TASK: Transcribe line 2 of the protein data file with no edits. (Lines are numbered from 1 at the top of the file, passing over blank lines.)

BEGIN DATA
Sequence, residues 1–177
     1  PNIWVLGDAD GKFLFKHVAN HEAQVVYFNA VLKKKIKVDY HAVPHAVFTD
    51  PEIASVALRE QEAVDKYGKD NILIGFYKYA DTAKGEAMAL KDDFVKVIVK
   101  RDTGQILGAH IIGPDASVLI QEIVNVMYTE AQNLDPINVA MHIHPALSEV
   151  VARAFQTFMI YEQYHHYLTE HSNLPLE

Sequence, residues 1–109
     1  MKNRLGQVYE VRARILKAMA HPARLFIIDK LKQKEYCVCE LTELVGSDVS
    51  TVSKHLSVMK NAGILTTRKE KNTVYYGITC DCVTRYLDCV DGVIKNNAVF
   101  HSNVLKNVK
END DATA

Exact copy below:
     1  PNIWVLGDAD GKFLFKHVAN HEAQVVYFNA VLKKKIKVDY HAVPHAVFTD